Who holds the whip hand in racing's royal stoush?

Last year, John Singleton gave an interview to The Sydney Morning Herald in which he described Tom Waterhouse as the very epitome of what a bookie should be - ballsy, smart and industrious, a statistical and marketing thoroughbred with charisma to boot.

Last year, John Singleton gave an interview to The Sydney Morning Herald in which he described Tom Waterhouse as the very epitome of what a bookie should be - ballsy, smart and industrious, a statistical and marketing thoroughbred with charisma to boot.

"It's a long time since we've had bookies like Tom," Singleton gushed. "Most of them have become very beige, but he just seems to have the flair."

Waterhouse was a "genius", Singleton said ("too smart for me"), a fearsome risk-taker who "will take on the big punters", and an IT and new media savant whose willingness to work 24/7 had made him "unbelievably good at what he does". Young Tom "grew up with my daughter Sally," Singleton said, with something approaching pride. "I've known him since he was a kid."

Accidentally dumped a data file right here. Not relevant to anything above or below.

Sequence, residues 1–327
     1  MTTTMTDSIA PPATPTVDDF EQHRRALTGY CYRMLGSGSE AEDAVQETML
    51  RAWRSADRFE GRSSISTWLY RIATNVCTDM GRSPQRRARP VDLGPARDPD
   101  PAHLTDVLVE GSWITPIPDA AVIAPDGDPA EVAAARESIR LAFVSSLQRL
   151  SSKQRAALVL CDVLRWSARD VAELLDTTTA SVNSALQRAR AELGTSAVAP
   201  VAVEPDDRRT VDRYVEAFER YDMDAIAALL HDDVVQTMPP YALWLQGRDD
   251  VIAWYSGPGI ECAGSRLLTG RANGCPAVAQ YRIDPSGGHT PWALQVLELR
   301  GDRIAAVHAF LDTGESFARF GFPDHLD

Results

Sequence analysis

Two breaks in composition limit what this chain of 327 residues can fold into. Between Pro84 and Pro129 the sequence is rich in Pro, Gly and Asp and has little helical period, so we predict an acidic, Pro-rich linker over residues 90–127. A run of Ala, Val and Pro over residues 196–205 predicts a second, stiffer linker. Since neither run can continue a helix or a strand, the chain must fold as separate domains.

Indeed, the two families go back a long way, the best part of 40 years, in fact, when a teenage Gai Waterhouse (then Smith) turned up at Singleton's Rose Bay home to talk about a career in showbiz.

It was through Singleton's TV show, Racing's New Faces that Gai met her husband to be, Robbie.

Fittingly, the Singleton and Waterhouse children grew up together; they were the same age; they went to the same Neutral Bay preschool and maths tutoring, the same riding camps in the country and North Shore soirees.

There were parties at Singleton's Vaucluse home, and later, catch-ups in Monaco. Then, of course, there was "Singo and Gai", the owner and the trainer whose pairing produced a seemingly endless procession of trophies, prizemoney and group 1 winners, every victory celebrated with the signature trackside love-in, Gai drunk on success, Singo invariably quite happy as well.

All that ended last Saturday in an epic on-course flame-out, with Singleton sacking Waterhouse, live on national television. "It's too much. It's conflict of interest," said Singleton, who claimed that Gai's son, Tom, had been passing on inside information about one of his prize mares, More Joyous.